Written by: Andy Furman
Guest blogger Andy Furman from Ultimatenyg.com
How do you incorporate injury information into a Drafting decision? NY Giants Underground blogger Glenn Warciski pored over video clips to get GM Dave Gettleman’s additional disclosures on what (tf) happened with the Sam Beal supplemental selection. Gettleman knew about the shoulder injury before the draft. That was all he would say. There was nothing more.
If we know about the shoulder injury to Beal and the significant risk (that he’d potentially be out 2018), the value in the pick is gone and I simply wouldn’t do that. If my MDs said that and that he would be 100% in 2019, I’d maybe use a R5 pick. Not a R3. It’s just not the same selection anymore. Remember, everyone (including us) praised the selection because it also addressed need… and we targeted contributions in the second half of the 2018 season.
Glenn brings up the analogy to Owa Odighizuwa. His reference is to the hip injuries (plural) he had in college before being taken in (coincidentally or not) Round 3 back in 2015. If you take a guy with an injury past, his pick has to drop. Think Armstead. Round 8. He was hurt in college. His value dropped. Another part of the dynamic is that those who are injured get reinjured elsewhere in their body. Like it or not, in football the strong survive and the weak get hurt. Some of that is in the Owa example. This is a Football GM’s life. The best place to start is at the draft. You need to get paid for the risk. Todd Gurley needed to fall. Josh Rosen needed to fall. When the Armstead’s hit and they have long Pro Bowl careers, he was a steal. No he wasn’t. There are too many others out there who can’t stay healthy. They all need to fall. If Gurley tears another ACL and his career is shot, everyone who got out-of-the-way will have been smart. If he is injury-free, the Rams are smart. The Rams took the risk and live with that.
What kind of shoulder injury does Beal have? Even now we “assume” it is the kind where a complete recovery is a given. If it is a more troublesome type of injury, Beal’s value drops further. Wonder explains that the shoulder for a CB is very important in tackling. Remember also that Beal is undersized. “If it’s an ACV joint or a labrum, that is a much bigger issue,” said Wonder. Once again, the Giants haven’t disclosed whether the injury was exacerbated by any activity that was reported in rookie pre-camp a week ago.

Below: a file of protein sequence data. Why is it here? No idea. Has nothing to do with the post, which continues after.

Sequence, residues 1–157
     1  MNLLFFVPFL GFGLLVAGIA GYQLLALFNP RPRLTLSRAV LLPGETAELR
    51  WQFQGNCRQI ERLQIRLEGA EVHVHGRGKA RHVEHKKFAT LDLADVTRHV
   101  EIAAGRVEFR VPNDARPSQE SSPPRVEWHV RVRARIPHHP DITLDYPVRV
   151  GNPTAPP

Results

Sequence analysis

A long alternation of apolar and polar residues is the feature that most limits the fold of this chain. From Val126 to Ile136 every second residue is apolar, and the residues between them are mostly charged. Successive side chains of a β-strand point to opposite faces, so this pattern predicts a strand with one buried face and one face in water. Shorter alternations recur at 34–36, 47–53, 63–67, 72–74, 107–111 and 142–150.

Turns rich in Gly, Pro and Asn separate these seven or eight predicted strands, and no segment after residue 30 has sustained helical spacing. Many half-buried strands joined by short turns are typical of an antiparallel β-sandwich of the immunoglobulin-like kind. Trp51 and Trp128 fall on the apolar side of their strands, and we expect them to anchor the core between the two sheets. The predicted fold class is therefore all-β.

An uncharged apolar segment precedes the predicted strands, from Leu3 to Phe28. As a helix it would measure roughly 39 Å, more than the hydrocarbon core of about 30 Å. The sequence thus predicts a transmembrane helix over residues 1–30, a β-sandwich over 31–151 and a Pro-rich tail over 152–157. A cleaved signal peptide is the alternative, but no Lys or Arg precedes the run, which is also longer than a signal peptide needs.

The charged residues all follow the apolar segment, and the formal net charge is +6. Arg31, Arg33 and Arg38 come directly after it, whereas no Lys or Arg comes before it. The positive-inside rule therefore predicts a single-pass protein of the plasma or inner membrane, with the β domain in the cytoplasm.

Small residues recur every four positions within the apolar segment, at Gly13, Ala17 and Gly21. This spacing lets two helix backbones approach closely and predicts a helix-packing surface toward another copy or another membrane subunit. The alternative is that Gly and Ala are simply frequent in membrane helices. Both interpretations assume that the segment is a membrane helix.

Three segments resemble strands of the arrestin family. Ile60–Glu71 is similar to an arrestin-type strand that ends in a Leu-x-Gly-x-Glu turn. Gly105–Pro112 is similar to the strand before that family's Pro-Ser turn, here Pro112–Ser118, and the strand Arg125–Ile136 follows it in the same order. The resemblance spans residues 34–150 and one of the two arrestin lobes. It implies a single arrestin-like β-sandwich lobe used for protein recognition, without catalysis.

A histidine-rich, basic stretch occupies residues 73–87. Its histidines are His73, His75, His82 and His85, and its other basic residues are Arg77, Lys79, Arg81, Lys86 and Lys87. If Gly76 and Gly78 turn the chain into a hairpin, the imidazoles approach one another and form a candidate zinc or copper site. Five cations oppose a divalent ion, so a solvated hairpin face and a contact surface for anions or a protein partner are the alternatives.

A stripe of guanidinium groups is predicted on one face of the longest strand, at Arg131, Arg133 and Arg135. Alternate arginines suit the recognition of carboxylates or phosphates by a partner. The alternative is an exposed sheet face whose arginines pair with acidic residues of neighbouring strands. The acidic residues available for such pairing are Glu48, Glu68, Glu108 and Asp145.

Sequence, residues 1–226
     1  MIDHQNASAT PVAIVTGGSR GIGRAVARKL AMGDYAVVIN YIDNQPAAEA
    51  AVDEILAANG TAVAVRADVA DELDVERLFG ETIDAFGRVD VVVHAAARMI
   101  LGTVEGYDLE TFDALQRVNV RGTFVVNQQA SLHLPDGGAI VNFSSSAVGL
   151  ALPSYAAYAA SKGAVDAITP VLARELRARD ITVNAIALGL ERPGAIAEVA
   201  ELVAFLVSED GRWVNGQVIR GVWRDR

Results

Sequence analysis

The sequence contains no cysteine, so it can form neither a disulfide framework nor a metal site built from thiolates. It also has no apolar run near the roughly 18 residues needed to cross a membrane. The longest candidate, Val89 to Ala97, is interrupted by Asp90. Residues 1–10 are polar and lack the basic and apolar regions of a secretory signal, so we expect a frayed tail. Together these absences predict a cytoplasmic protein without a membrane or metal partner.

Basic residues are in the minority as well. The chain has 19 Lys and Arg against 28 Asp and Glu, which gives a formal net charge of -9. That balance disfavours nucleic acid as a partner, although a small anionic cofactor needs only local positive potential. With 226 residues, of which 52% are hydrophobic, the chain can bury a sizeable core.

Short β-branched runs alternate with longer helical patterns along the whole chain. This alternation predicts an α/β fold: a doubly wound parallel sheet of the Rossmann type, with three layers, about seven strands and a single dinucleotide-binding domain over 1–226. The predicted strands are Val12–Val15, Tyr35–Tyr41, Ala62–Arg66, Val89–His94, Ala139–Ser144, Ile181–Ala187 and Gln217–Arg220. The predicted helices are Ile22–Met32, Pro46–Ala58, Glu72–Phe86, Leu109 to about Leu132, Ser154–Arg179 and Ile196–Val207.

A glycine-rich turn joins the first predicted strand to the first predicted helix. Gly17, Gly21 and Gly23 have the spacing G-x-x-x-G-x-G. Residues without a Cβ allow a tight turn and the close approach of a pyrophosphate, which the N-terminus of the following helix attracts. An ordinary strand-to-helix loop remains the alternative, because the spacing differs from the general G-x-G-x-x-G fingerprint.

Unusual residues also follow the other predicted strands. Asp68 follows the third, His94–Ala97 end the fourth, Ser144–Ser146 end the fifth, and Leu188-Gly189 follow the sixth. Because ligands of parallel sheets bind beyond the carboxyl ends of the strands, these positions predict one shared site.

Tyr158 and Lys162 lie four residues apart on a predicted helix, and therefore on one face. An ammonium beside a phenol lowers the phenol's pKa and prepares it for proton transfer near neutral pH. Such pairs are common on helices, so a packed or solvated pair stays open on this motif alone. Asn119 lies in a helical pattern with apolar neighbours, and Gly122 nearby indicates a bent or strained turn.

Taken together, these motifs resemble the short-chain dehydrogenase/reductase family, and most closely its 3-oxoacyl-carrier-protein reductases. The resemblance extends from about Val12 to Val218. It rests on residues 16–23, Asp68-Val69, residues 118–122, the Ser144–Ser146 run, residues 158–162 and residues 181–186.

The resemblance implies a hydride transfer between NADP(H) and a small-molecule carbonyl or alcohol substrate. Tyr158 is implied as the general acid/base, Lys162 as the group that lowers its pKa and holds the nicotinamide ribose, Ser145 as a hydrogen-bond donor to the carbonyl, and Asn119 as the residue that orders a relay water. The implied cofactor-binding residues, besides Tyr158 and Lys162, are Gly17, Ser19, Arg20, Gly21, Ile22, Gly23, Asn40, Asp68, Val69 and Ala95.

In the 2010 draft, Wonder had a difficult eval. Where do you draft JPP? He saw the immense upside but openly said I’m not drafting anybody in Round 1 who has 11 college starts. One of the reasons why is because you don’t know about how his body will hold up to the rigors of the game. So Wonder ranked him 33rd overall, at the beginning of R2, and we did not see the “value” in the pick (at 15) in R1. There was a risk/uncertainty that we needed to get paid for, argued Wonder. JPP had a back problem almost immediately (hide and seek?) and contended with many physical issues during his career. His contributions to the 2011 season (XLVI) were enormous, as there is no way the Giants win the title without him (think about the blocked FG vs Dallas alone!). Still, a Round 1 investment needs a pristine track record. The Giants realized both the upside AND the downside in that same selection.
The bottom line: injury issues are a major part of draft evaluation. Risks must be accounted for. The track record performance of a player on the field is scrutinized. The health of a player must be scrutinized just as well. Draft slots are currency. You need to get paid for injury risk when you know it is there. We don’t know all the facts behind the decision to take Beal, but given everything we do know, there was more risk than what was allotted in Round 3.